On Being a Sempai

by Sensei Brent H. Baker

Whenever I interview a potential new student, I always mention the two main rules of karate: “Karate is only for defense” and “Students are not permitted to teach karate without proper supervision from a black belt instructor.” Over the years, there are a few questions that always seem to come up. One of them is: “What if I get in a fight, but I don’t use karate?” This is an interesting question because it is asked so often. To answer it, let’s take a look at what karate is about.

“Karate is a way of life.” This sentence has been repeated by so many karate teachers, that you couldn’t count them all. It means that the lessons you learn in karate can affect your life outside of the dojo. Certainly, the exercise that you get from class can help keep you healthy. And the same effort that you put into learning a kata, or pushing that Shiko Dachi just a little lower, can make you a better student or employee. And the courtesy and respect that we practice in the dojo can even improve the way you interact with the people around you, helping to build stronger, healthier relationships – both personal and professional.

The thing that we need to remember, though, is that we don’t stop being karateka (karate students) when class ends. “Karateka” becomes part of who you are, in the same way that you don’t stop being a student or employee when you come home from school or work. Nor do you stop being a son or daughter when you grow up and leave home. These are all significant parts of who we are as individuals, and who we choose to become as we continue to grow and develop. Sometimes it’s good to think about what type of person we would like to be, and how we plan to become that person.

What does a white belt mean to you? What about a green belt? Or a brown belt? Black belt? Odds are, we associate being a higher rank with having more knowledge, more ability, and more authority. Looking forward from the beginning levels, higher-level belts seem to bring more opportunities and more privileges. Reaching those levels, however, also brings something else: more responsibility.

Look at a class sometime: white belts in the back, purple belts ahead of them, then yellow belts, and so on. Now watch the students. During Kihon (basics), the white belts will be watching the people in front of them – purple and yellow belts – and doing what they do. As the class moves on to Kihonido (basics with walking in stance), the purple and yellow belts will now be watching the orange and blue belts. As we get into more complex material, students will look to the ranks above them for guidance. In this way, everyone in the dojo becomes a Sempai, a role model for the ranks behind them.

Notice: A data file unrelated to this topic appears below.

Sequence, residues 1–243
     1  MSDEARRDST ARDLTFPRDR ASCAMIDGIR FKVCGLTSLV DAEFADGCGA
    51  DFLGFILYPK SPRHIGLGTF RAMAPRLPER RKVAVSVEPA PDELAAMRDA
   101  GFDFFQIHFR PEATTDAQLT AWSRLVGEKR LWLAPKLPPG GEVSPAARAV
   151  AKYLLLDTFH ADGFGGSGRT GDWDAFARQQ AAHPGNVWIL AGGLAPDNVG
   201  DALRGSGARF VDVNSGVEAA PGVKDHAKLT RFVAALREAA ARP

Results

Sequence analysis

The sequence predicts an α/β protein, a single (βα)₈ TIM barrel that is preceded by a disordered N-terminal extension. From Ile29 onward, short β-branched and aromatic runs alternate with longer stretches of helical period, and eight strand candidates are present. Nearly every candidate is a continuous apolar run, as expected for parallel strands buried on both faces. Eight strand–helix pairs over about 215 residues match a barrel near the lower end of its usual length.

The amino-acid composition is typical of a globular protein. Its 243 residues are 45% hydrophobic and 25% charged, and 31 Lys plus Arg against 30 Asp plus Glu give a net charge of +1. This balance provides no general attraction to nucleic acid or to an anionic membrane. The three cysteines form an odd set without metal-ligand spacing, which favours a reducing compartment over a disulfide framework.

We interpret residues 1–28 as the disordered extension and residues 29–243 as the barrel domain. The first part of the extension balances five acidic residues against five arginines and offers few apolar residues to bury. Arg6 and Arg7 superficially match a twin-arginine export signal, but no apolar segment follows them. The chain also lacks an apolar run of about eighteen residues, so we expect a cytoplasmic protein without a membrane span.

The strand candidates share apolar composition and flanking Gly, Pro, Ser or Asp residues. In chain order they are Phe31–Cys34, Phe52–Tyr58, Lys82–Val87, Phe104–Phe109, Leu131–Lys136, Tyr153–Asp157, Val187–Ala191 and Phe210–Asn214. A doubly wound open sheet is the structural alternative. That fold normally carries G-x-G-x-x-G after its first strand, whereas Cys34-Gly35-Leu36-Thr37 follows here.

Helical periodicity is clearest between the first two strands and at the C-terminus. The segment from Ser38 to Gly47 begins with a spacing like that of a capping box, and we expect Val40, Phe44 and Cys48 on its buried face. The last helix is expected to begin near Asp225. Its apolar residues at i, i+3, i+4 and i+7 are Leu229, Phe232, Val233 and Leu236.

When do you choose to become a role model? You don’t. Unfair as it may seem, putting on a belt that is higher than someone else’s, or even just being older than some of the other students in class, makes you a role model whether you want to be one or not. You can’t choose to be a role model – other people will make that choice for you, by making you one – you can only choose what type of role model you want to be: a positive one or a negative one.

Stop for a minute and think about the people you train with. You have both Sempai (people who are higher in rank than you) and Kohai (people who are lower in rank than you). Who are the people that you look up to? Who are the people that are looking up to you? Now step outside the dojo. Are there people outside the dojo that you look up to, or that look up to you? Of course there are. Remember, karate is a way of life; the things that we learn in karate affect the rest of our lives.

So let’s go back to the first question. “What if I get in a fight, but I don’t use karate?” The real question here is, “Am I still responsible for setting a good example, even when I’m outside the dojo?” My answer is “Yes.” It’s not always easy to do the right thing, to be a good role model, and we all make mistakes from time to time. That’s why the Dojo Creed begins with “To Strive for the Perfection of Character” instead of “To Have a Perfect Character.” None of us are perfect, but we can all strive to be the best people we can be; and we can all help one another along the way. And that, to me, is what being part of a dojo is all about.

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